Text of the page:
These announcements on transport infrastructure, on motorways, on railways, on Heathrow, and on carbon reductions from transport show the Government taking the right decisions for the long term. We are delivering real help with job creation today, creating real hope for Britain’s long-term growth prospects, and giving real help in securing carbon reductions, real help for rail passengers and real help in increasing the long-term competitiveness of the UK economy by creating excellent transport links to the global economy, ensuring that this country remains an attractive place in which to do business. I commend this statement to the House.

Mrs. Theresa Villiers (Chipping Barnet) (Con): I thank the Secretary of State for advance sight of his statement, but frankly, if this is the result of the great row in the Cabinet, his colleagues did not get a very good deal out of it. Let us be in no doubt: this is a bleak day for our environment and for all of us who care about safeguarding it. Labour’s plans for a third runway at Heathrow would inflict devastating damage on the environment and on quality of life, and the Conservatives will fight them every step of the way.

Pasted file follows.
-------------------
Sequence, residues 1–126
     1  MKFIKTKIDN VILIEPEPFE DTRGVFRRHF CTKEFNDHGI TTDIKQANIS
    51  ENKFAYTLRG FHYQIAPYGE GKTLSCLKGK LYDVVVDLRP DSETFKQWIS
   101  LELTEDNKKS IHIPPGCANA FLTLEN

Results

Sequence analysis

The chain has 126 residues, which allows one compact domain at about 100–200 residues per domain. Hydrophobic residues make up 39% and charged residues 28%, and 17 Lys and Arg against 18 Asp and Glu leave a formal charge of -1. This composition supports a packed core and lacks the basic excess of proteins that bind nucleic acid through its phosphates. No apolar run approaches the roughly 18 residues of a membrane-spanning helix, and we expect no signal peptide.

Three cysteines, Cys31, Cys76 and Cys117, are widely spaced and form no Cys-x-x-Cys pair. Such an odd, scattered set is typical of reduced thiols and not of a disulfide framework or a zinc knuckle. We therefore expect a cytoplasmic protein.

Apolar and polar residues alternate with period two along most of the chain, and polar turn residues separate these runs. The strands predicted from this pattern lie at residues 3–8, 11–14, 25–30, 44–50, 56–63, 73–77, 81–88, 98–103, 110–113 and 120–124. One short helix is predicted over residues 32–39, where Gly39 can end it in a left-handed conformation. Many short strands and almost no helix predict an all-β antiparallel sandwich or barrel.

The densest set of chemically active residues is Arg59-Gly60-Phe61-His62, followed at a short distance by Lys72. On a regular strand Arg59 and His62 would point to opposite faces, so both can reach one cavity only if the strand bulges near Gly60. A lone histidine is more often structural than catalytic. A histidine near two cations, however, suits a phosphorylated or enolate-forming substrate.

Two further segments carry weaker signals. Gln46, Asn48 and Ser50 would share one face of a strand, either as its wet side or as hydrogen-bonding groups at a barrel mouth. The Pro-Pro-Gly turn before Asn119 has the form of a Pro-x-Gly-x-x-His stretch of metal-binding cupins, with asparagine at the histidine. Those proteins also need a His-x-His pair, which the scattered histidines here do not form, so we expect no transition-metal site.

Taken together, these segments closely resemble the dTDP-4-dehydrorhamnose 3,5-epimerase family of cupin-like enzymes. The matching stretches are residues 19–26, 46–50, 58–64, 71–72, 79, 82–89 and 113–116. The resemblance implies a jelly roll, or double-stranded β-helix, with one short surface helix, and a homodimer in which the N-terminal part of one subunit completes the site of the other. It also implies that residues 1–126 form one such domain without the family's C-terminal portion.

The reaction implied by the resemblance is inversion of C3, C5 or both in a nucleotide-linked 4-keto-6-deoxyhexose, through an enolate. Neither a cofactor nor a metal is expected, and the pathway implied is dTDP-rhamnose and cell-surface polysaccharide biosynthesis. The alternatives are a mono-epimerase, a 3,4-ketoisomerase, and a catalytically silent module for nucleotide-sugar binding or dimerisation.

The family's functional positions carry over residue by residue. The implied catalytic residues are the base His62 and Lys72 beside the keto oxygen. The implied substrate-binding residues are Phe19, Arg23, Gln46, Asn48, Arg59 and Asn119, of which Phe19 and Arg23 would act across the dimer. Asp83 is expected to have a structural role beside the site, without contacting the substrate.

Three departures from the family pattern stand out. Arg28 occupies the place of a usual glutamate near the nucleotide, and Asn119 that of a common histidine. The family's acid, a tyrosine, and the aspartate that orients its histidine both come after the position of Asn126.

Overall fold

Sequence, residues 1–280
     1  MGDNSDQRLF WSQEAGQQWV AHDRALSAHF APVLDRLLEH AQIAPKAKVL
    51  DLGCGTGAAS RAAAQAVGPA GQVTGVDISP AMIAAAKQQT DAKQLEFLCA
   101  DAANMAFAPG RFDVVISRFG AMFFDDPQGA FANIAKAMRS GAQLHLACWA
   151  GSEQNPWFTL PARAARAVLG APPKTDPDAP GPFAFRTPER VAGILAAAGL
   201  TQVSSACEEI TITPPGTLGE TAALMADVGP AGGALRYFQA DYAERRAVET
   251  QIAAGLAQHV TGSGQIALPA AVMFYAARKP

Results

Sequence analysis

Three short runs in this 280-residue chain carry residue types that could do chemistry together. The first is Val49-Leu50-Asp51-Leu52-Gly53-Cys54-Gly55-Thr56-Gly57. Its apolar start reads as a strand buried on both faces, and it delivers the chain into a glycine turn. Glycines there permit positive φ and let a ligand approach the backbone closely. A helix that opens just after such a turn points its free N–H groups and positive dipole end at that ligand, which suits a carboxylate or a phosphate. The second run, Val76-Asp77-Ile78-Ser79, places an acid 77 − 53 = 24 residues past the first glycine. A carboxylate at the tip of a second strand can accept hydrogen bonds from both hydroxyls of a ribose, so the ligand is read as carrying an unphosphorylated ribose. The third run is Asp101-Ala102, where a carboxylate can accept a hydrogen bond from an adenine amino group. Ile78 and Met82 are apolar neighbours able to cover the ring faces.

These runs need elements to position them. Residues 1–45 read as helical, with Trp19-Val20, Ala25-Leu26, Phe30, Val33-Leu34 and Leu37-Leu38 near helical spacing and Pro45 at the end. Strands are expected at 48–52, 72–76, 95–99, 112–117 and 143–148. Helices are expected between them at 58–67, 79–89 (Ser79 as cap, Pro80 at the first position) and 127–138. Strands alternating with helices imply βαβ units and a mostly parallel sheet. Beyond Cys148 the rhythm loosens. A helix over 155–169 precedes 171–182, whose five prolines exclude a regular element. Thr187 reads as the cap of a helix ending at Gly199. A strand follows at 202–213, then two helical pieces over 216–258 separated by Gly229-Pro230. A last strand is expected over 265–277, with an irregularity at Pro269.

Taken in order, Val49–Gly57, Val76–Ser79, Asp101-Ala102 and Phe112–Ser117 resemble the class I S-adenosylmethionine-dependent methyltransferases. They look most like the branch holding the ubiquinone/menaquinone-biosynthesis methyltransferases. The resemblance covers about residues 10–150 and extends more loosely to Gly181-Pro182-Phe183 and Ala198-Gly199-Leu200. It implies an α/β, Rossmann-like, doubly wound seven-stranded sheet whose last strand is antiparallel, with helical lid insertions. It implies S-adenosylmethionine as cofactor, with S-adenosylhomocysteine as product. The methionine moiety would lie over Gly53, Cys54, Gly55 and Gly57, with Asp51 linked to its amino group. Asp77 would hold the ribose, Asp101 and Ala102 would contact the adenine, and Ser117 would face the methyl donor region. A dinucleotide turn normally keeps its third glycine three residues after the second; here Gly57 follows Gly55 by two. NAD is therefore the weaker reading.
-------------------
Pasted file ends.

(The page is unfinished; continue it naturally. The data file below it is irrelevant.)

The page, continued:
I begin with the Secretary of State’s commitment to restrict the initial use of the runway, and that at this stage he would give the go-ahead for only 125,000 more flights, rather than 222,000. When does he propose to lift that cap? How long is that tenuous guarantee going to last?

The Secretary of State has admitted again today that Heathrow is already in breach of the EU air quality directive, which will become binding in a year’s time. Will he explain how an airport with a massive increase in flights and car journeys to support another 55 million passengers can possibly comply with the directive? Why does he continue to be deaf to the Environment Agency’s warning that pollution from a third runway will increase the risk of serious illness and early death around the airport?

15 Jan 2009 : Column 361

Is the Secretary of State concerned that in the debate in the House last year, Members from as far apart as Reading and Greenwich expressed concern about the impact on their constituents of aircraft noise from Heathrow at its present size? Is it not recklessly irresponsible to compound an already serious problem with a new flight path over a densely populated area?

I welcome the Secretary of State’s apparent retreat on mixed mode. He says that he will not proceed with it, but again, how long will that guarantee last? How long will residents have that protection?